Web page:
hey everyone,is it possible for someone who can make a custom font for me? i need a calligraphic type of font custom made.
No one ever needs
a new font, you just ♦want
♦ one. You don't quite know what you want, you just know that you want someone to make it for you
, for FREE, because it would be 'a great help for [your] projects'.
If you said: "I need someone to clear the rocks and trees from this 100 hectares plot of land, plough the ground, plant cotton, pick the cotton and clean it, for free. I need it for my clothing factory.", do you think anyone would volunteer?
Here's a better idea: Sit on a street corner with a sign around your neck that reads "Need Money for Fonts". If each person who walks by gives you only 1% of their monthly income, within a few years, you should have enough money to hire someone to make custom fonts for you.
, if you were planning to release the font 'as is', it would, indeed be 'rubish', (sic). It appears to me that you make fonts by importing monochrome bitmaps into your font editor, as opposed to drawing the glyphs with the font editing tools.
I use imported bitmaps, and modify them in the editor. The program I use, ScanFont 3
, is well suited for that. Unfortunately, it's no longer sold, and it doesn't work with Windows operating systems more recent than XP. It's also a completely different product than the ScanFont 5 currently sold by FontLab. SF 3 is a stand alone font editor; SF 5 is a plug-in for FontLab's Studio5 product.
's comment about '2048 units per em' is related to my comment about the 1435 caps height. It involves a change to the vertical metrics and dimensions. I know how to do that with Studio5, but not with FontCreator.
There should be a tool in FontCreator that would allow you to 'zoom in' the view of a glyph to enormous sizes. If you use an enlarged view, you'll see that quite a number of lines that should be exactly straight, aren't. You might not see the errors at 72 points, but when the text size is changed, they will be noticeable. If you have a viewing option for 'guidelines' or 'hints', enable it. This should display horizontal and vertical guidelines. For a horizontal or vertical straight line, the guideline should pass directly through the center of both nodes. You should do that at maximum enlargement, because a the margin of error may be small.
In this enlarged view of the top of your P, note that an unnecessary node causes the line to not be straight:
Here's a before and after, with about a minute of clean up - note that horizontal and/ or vertical alignments of your nodes can help with the design:
Send me an e-mail, and I'll reply with .ttf and .otf versions.
A few comments:
1) your kerning, (space between glyphs), is way off on the capital J, the lower case a, and numbers 0 and 4.
2) The S needs to be taller. I think it's currently the same height as the flat topped letter; the letters with curved tops should be slightly taller, so they 'appear' to be the same height. Notice how it appears to be smaller than the T at both the top and the bottom:
3) The capital O and the zero are really bad. You have way too many nodes on the exterior, which gives them the 'Flintstones' look, when enlarged. I don't use FontCreator, but it probably has a feature whereby you can right-click on a node, and select 'delete'.
Conventional wisdom would use exactly four nodes on the perimeter of the O and zero, at North, South, East and West, but it can be done with three.
4) You should look into the Caps Height settings. Although the glyphs appear to be 'normal size', the caps height of 1435 is a bit more than double what it should be, (usually somewhere between 680 - 715)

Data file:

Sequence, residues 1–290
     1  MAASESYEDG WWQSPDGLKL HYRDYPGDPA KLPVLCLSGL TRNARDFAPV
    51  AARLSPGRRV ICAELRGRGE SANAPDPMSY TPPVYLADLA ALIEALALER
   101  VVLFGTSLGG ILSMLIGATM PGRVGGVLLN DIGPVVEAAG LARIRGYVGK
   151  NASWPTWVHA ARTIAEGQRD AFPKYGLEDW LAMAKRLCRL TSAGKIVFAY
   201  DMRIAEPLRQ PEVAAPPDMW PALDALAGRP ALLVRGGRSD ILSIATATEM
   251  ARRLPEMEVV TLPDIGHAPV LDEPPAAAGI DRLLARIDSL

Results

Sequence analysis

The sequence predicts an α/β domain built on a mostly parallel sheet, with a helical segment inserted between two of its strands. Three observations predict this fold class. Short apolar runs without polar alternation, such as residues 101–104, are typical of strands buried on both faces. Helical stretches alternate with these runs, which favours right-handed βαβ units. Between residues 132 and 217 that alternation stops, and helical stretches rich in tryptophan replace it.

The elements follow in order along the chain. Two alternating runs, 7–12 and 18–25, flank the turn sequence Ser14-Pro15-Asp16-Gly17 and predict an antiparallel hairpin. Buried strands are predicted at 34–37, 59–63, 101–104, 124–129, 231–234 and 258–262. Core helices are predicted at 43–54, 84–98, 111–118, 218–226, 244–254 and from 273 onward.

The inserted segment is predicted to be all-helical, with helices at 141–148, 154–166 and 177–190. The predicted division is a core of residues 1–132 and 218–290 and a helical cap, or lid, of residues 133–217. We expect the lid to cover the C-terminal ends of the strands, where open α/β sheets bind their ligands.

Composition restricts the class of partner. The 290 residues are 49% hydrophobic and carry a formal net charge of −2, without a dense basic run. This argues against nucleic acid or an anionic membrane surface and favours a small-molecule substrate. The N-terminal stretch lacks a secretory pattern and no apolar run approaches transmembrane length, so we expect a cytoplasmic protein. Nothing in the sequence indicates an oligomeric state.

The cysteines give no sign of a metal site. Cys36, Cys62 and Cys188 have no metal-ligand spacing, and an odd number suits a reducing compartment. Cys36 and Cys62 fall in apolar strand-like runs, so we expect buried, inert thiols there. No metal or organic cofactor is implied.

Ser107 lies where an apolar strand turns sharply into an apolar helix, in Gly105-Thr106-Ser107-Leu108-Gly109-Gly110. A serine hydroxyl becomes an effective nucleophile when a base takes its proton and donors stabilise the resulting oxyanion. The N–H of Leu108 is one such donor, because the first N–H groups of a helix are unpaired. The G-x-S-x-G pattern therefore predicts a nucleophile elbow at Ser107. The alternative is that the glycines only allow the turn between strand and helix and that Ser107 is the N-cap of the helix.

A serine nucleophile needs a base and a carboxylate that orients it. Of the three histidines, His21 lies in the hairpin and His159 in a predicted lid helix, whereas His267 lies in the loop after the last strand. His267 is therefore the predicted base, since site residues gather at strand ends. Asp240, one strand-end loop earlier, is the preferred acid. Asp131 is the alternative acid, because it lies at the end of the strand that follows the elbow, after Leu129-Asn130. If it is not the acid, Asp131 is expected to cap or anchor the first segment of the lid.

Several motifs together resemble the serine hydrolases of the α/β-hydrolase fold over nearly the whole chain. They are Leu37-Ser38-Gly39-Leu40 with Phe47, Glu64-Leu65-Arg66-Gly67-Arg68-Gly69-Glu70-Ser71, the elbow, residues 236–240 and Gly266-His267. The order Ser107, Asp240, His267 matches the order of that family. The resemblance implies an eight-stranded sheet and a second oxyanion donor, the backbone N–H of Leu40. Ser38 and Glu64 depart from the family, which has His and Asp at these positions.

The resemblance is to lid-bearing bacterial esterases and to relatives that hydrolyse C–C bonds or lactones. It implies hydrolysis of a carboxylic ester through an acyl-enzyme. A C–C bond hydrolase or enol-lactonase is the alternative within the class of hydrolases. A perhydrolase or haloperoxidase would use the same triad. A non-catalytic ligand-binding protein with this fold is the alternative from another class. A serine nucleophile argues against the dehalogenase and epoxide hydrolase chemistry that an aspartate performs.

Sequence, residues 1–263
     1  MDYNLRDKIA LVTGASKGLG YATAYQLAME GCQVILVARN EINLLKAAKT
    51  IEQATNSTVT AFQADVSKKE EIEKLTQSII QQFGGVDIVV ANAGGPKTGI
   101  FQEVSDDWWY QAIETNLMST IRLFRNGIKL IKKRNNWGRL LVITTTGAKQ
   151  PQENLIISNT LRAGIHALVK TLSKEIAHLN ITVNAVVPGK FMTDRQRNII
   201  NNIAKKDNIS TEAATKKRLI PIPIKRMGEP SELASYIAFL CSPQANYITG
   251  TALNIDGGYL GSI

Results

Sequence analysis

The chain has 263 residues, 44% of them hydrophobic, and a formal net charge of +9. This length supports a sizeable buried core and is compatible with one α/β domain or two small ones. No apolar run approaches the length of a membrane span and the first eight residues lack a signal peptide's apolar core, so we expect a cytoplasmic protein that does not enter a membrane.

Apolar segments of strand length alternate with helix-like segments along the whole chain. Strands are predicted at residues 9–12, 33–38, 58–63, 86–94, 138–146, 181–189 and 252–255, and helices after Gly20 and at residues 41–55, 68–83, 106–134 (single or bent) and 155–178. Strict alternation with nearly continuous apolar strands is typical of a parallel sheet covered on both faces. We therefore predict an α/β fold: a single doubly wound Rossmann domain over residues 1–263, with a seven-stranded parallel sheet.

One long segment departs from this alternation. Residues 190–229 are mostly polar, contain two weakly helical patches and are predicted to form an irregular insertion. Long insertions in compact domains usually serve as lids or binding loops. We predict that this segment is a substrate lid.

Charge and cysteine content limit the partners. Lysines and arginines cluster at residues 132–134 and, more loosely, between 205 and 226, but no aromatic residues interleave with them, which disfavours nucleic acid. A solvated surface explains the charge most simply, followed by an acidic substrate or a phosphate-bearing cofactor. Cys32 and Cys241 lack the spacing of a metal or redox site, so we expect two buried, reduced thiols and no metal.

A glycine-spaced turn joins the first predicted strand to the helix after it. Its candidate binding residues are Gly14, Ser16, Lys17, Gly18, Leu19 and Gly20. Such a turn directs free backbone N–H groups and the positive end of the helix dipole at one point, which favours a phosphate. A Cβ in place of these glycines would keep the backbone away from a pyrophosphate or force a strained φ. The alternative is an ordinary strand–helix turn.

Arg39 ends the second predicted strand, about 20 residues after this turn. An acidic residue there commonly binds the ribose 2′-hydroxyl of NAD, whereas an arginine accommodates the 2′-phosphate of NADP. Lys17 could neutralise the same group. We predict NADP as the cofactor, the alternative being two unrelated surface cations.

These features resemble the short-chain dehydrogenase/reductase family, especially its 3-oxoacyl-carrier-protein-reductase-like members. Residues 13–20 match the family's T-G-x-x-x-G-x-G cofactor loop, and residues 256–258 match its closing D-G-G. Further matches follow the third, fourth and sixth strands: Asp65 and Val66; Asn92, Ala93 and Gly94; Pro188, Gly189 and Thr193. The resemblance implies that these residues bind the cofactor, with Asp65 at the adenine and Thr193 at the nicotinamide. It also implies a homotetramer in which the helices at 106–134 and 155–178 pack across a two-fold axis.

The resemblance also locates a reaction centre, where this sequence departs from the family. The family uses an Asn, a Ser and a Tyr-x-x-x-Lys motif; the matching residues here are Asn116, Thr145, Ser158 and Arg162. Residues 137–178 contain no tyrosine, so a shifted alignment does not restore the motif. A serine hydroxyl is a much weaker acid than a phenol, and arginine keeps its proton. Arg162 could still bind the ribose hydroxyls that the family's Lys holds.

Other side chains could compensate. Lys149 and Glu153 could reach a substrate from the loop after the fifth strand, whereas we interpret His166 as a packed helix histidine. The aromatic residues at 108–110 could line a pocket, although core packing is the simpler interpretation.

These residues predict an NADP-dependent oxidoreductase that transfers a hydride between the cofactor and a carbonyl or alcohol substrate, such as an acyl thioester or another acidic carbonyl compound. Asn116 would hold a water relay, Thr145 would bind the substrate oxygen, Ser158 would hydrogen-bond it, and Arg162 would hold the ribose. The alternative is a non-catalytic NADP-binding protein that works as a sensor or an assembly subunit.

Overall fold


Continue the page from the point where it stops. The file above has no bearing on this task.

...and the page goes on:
I used the zip file from claudeserieux
, and Studio5 to generate the font files.
Inside the download .zip file is a text document named "Read me". Read the Read Me, and you'll be able to answer your own question.
In each of the forums, the threads with the most recent posts are at the top of the list. If someone is impatient, needs instant gratification, or if they have waited a reasonable period of time without a reply from someone, they post "Bump" to move their post to the top of the list. The length of time between the original post and the bump pretty well determines the motive of the person who made the post in the first place.
With font identifications, when someone recognizes the font, it's usually on the same day someone asked for the ID. If the ID request drops down to the second page, chances are good that no one here here knows the name of the font.
Pf weldy, it sounds like you're trying to install the .zip file instead of the font.
A .zip file is a compressed archive that can contain more than one file. The size of the .zip file is smaller than the size of the files inside, sort of like if you sit on a full suitcase, to be able to close it. Because .zip archives are smaller, they use up less disk space on your computer, they can be downloaded faster, and they use less bandwidth for the transfer from DaFont to your computer.
Probably about half of the download .zips on DaFont contain more than one file - often there are more than one style of the font, and/ or there's a read me or commercial use license document, and sometimes a graphic or character guide. If the files were not in a .zip, you would have to make a separate download for each file, and a lot of people would just download the font - which isn't what the designer of the font wants.
Try right clicking on the picture icon for the Respective font, and look for an option in the menu to Extract, in other words, to move the files that are in the .zip to a folder that's not compressed. After you have extracted the files, you'll be able to recognize the font file(s) by the picture icon. Do a right-click on a font file, and select "Install" from the menu, for Windows Vista.
...Does anyone know if there is a reason why zapfino is part of the Mac OS software, but cannot be obtained without purchasing a license for PC?